unnamed-14What did you learn from your experience in Albany? 
I obviously learned how much it means to many students to have the financial aid from the government and from other scholarships. However, I also learned how important it is for lawmakers. Most of the lawmakers we talked to seemed to have a similar view on the situation; with the way the Governor Cuomo has proposed the free tuition plan, there are flaws that need to be ironed out.
Overall, it was an honor to be invited and represent Utica College and other small institutions, and I would absolutely do it again.

‘Be the Change’: Hermina Garic ’19 on D.C. Women’s March

On Saturday, Jan. 21, sophomore Hermina Garic ’19 traveled to Washington, D.C. to take part in the Women’s March on Washington. Along with peers from UC and nearby Hamilton College, Garic joined nearly 500,000 people who participated in the historic demonstration. Here, she answers a few questions about her experience: 


When did you decide to take part in the Women’s March? Was there one distinct moment that inspired you to act? Is there a particular cause that is important to you? 

I decided to take part in the Women’s March as soon as I heard about it from my advisor during one of our K. Della Ferguson Womyn’s Resource Center meetings. There was not really one distinct moment; it was more of a collective response in regards to my feelings towards the sexist rhetoric used during the election. Once I heard and saw on TV that Trump was normalizing sexual assault with certain phrases he was using, I knew I needed to take action. I am also a firm pro-choice supporter and it blew my mind that a female’s right to her own body was being attacked yet again.

Describe the trip to D.C.

I traveled to D.C. on one of the buses that was leaving Hamilton College. There was a variety of individuals both from the Utica College area and Hamilton College area that wanted to go. It was a one-day trip. We left Hamilton College around 1 am on Saturday and came back on Sunday at 4 am.

What was your first impression when arriving in D.C.? 

We first stopped at Shady Grove metro station, about an hour from the city itself, to catch the train into D.C. Just at this stop, the crowd was already huge. There was so many people, and we had to wait around an hour or so just to get onto the train just because the crowd was so big. Every stop along the way to Washington D.C. filled the train a little bit more. When we finally got to Washington D.C., it was a sea of people. It was incredible.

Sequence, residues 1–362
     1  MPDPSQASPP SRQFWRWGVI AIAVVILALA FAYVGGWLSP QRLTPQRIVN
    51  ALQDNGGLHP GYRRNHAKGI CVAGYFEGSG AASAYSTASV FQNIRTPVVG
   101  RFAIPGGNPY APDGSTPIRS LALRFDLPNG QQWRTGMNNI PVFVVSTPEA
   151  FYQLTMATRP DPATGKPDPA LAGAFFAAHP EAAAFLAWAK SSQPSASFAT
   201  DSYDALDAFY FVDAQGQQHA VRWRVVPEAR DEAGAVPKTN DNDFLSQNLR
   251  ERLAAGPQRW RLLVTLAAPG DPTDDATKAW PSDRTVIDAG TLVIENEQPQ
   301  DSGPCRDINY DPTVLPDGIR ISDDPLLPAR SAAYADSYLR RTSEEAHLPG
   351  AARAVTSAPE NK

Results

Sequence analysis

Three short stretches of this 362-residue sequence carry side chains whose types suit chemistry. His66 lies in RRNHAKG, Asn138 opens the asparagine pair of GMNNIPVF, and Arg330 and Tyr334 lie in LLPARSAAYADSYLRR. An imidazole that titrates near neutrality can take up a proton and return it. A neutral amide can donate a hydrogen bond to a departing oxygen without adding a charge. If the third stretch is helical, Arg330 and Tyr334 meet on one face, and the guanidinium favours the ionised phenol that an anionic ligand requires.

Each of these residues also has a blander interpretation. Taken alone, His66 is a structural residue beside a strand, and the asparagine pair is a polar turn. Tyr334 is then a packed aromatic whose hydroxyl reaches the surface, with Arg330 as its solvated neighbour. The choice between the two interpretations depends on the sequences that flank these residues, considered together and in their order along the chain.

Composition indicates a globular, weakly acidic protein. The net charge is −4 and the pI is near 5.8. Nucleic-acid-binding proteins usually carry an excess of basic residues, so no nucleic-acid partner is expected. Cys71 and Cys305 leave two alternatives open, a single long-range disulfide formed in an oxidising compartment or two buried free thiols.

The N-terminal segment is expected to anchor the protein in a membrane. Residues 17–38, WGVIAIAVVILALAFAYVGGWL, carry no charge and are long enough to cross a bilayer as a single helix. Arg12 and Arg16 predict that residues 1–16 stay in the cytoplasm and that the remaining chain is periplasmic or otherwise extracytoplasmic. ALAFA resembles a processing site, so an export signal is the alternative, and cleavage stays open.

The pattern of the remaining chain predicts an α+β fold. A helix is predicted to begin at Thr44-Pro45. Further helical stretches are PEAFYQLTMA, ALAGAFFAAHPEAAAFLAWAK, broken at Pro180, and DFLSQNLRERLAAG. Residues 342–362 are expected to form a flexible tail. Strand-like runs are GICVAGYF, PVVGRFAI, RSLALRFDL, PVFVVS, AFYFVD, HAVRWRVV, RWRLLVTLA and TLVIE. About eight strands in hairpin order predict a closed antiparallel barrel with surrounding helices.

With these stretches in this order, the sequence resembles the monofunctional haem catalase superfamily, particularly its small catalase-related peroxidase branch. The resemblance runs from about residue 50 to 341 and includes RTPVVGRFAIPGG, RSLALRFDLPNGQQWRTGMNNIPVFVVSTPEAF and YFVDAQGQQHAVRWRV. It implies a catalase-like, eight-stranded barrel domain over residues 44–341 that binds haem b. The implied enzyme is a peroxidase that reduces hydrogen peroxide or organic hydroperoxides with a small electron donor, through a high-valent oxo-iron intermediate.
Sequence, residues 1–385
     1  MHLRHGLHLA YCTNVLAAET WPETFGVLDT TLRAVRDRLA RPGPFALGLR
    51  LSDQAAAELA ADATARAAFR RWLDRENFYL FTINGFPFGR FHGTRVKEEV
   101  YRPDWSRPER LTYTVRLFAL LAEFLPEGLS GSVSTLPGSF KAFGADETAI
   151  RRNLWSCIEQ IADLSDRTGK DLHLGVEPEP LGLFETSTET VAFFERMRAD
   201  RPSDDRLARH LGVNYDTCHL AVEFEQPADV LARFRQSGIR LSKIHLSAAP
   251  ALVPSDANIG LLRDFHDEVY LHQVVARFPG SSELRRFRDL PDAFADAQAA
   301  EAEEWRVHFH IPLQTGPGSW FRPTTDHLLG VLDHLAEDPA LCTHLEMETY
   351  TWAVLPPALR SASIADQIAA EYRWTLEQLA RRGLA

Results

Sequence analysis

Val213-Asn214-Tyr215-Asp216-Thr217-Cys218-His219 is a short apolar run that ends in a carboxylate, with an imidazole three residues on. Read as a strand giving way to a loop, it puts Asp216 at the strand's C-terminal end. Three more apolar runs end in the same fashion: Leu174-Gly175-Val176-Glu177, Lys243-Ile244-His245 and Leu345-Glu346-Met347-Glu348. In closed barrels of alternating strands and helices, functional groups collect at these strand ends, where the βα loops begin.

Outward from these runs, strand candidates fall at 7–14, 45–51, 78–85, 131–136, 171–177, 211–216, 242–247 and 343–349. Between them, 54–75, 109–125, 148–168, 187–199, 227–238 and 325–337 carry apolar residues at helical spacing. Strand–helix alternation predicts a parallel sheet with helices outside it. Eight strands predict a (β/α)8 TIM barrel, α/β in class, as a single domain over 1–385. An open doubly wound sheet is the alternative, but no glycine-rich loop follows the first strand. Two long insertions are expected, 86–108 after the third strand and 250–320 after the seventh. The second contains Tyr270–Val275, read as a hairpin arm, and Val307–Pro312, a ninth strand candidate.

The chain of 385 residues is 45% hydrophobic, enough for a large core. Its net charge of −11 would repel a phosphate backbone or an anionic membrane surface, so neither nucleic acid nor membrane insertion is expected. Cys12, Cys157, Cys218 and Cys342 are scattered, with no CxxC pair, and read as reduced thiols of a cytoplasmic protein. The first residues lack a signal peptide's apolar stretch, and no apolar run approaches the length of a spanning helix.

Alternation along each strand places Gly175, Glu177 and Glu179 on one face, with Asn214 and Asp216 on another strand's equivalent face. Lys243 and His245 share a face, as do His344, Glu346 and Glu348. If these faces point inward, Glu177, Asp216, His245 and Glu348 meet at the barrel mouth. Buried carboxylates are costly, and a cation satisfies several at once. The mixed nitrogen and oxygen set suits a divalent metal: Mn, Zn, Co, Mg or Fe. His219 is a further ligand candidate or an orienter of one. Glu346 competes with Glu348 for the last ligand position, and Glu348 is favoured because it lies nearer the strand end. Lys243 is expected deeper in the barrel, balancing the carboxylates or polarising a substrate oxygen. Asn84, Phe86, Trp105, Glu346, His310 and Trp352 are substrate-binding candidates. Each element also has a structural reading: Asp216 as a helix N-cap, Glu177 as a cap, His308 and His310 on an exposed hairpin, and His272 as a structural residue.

How would you describe your fellow marchers?

My fellow marchers were positive, peaceful, and empowering. Honestly, all of them were memorable. It was a weird experience for me because even though I did talk to a lot of the marchers, we all felt like one big unit. I think the interaction that will stick with me was when a marcher on the bus kept offering everyone cookies. It was a great thing to sit down to on the bus after a long day. Plus, his cookies were delicious!

20170121_11585920170121_141100Describe some of the signs and outfits you saw at the march. 

I saw suffragette outfits and the signs they held up said something along the lines of “I cannot believe we are still protesting this.” I saw was doctors wearing lab coats and nurses wearing scrubs advocating for universal healthcare. My favorite outfit was a nurse who wore green scrubs and held up the torch like the Statue of Liberty.

What’s your opinion of how the media has covered the march? Did they get it right? 

The only coverage that I saw was the aerial views of how massive the crowds were, and they definitely got that right!

Describe how it felt to be part of the march. What was the overall vibe and message you felt was being communicated? 

I felt safe and strong. It was so unifying, too. Everyone was together and it felt like nothing could break us apart.

What effect do you hope the march will have going forward?

I hope that the march makes people realize that as citizens we hold power in democracy, and if we wish to see change we should connect with each other, learn from each other, and like Ghandi said, “be the change that we wish to see in the world.”20170121_115417


Considering Grad School? 5 Questions to Ask Yourself

photo-2Guest Post by Halina Lotyczewski, MSW
Director, Utica College Office of Career Services

Making the decision to attend graduate school is an important one, affecting students academically, professionally, financially, and emotionally.

I know, because I’ve been through it. After completing my sociology degree from SUNY Geneseo, I was accepted into Fordham University’s MSW program. I deferred enrollment for a year to work and save as much money as possible for my graduate school tuition. Fast forward 10 years later, and I’m now helping students decide if graduate school is right for them. I will be facilitating a program as part of Career Services’ Coffee, Cupcakes and Careers Series called Get Me into Graduate School. During this program, I will help students answer these 5 questions: